Being indexed in DOAJ means that a journal has passed up to 4 stages of independent and objective, manual review. It means that the journal has been investigated by our Editorial team who have researched whether or not the journal/publisher does what they claim to do on the journal site and in their (re)application to us. During the investigation, the DOAJ editors go through the pages on a journal’s site to make sure that all the information presented to a user is easy to find, clearly and accurately presented and easy to understand. The editorial board is investigated, and sometimes members of the board are contacted and their institutional connections verified, their work on the board is confirmed and which other boards that member sits on. Being indexed in DOAJ means that the journal adheres to high levels of quality of its publishing services and services to authors and users, including: peer review, licensing terms, a strong open access statement, a fully functional editorial board and more. Being indexed in DOAJ means that the journal is a good open access journal, a trusted open access journal.
- The reapplication process
DOAJ upgraded its requirements for journals to get into DOAJ. The upgrade, which covered all new applications, was made live in March 2014. This meant that there were about 9000 journals already in DOAJ—accepted into DOAJ between 2003 and 2013—that had been accepted under less stringent requirements. We require that every one of them upgrades their information with us. To make it easier for users to see which journals have been accepted under the new criteria we added a green tick next to them. Journals without a tick next to them still have to be reviewed against the new criteria. Note however that even journals that have no tick against them have been manually reviewed and accepted into DOAJ as being reputable.If a journal is in DOAJ, it is on the list of approved and reputable journals.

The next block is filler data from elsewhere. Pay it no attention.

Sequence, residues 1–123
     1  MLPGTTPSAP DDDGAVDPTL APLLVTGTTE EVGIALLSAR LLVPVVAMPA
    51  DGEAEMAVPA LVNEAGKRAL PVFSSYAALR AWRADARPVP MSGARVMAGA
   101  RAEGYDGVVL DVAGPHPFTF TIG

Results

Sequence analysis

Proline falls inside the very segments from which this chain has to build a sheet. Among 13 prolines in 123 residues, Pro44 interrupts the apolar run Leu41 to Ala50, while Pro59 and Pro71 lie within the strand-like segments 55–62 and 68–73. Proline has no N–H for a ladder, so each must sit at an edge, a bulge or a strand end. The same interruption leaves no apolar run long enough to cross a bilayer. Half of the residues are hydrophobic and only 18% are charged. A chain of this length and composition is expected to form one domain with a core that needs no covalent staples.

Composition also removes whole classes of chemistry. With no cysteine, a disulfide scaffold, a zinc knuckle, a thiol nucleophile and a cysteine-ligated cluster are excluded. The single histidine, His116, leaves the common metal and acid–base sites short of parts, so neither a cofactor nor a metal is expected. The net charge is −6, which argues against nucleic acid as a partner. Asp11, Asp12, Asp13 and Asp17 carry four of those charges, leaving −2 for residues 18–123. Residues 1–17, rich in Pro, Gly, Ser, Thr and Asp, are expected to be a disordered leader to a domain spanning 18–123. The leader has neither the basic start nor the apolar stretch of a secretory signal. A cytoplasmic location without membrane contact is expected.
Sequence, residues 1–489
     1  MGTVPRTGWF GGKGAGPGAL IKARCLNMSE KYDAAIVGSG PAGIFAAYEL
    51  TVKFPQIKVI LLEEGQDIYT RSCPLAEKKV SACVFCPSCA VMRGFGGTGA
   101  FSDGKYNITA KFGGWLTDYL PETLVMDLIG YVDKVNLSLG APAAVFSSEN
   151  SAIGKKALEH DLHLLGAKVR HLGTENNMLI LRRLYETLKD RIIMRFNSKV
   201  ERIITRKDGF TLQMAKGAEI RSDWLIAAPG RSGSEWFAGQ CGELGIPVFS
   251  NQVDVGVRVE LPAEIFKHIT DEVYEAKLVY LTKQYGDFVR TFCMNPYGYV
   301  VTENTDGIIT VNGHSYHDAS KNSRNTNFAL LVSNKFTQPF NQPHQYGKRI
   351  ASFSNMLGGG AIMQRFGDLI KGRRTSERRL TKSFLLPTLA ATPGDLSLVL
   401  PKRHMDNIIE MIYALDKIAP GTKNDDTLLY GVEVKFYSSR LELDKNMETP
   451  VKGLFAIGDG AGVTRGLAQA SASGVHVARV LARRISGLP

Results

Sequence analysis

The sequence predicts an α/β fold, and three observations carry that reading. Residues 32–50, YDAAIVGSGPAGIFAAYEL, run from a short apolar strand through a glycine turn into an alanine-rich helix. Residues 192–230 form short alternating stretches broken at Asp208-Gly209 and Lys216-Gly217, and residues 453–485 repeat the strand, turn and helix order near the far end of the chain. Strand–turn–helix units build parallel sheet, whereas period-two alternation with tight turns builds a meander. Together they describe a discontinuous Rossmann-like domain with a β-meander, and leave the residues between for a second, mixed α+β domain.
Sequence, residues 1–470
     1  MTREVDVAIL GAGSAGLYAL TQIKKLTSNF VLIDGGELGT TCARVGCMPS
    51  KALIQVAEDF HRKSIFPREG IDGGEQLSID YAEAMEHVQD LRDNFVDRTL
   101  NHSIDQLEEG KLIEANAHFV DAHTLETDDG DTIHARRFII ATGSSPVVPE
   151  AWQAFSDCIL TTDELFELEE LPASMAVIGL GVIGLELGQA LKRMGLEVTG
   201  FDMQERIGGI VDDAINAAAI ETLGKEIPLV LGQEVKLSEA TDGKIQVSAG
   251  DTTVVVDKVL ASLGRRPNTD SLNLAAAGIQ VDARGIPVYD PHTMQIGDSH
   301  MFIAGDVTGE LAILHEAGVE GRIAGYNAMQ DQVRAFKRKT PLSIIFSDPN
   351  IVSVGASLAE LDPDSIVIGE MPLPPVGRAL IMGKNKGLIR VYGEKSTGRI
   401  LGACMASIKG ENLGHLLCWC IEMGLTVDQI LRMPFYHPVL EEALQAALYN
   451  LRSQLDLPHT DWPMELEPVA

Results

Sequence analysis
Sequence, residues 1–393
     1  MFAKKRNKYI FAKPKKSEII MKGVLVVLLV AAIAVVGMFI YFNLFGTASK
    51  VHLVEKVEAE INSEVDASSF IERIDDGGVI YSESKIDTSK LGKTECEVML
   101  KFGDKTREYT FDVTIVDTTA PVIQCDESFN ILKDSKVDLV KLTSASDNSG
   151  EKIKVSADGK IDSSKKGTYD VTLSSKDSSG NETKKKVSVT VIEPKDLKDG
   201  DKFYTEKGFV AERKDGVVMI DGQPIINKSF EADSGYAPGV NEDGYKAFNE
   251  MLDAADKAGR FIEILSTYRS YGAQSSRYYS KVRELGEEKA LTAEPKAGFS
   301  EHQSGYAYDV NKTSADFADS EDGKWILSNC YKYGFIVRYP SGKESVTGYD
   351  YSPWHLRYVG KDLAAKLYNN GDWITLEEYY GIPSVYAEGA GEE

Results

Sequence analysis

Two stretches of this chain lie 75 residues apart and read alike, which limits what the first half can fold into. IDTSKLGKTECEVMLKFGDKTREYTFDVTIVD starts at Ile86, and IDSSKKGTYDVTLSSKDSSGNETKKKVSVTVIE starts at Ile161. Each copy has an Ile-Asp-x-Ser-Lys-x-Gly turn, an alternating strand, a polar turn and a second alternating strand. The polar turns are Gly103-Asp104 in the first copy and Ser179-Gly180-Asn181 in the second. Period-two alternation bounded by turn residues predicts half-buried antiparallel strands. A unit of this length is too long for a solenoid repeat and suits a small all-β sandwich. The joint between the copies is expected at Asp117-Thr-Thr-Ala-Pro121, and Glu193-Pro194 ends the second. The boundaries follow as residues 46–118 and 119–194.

- The DOAJ Seal
The DOAJ Seal, think of it like this: journals that have the Seal are journals that adhere to outstanding best practice; journals that don’t have the Seal are good, trusted journals adhering to best practice. The Seal has been allocated to a handful of journals accepted into DOAJ since 2014. Journals that are awarded the Seal have answered ‘Yes’ to 7 questions that DOAJ has chosen specifically as indicators of an extra high and clear commitment to open access best practices, of extra high levels of commitment to publishing technologies, and the most ‘open’ form of open access. Importantly, the journals that DO NOT have the Seal still adhere to high levels of quality required for indexing in the DOAJ, especially those journals that have a green tick. No Seal DOES NOT mean low quality, non peer reviewed, questionable, ‘dodgy’, ‘scammy’.
I hope that this helps. DOAJ spends all of its time improving information on reliability, trustworthiness and accuracy. DOAJ also spends a lot of time ensuring that questionable journals do NOT get into the directory. DOAJ is already doing that work for you so that you can be exactly sure what levels of service you can expect when you choose a journal to submit to, to recommend to faculty, to read research in.
As ever, if you have any questions, leave a comment or get in touch!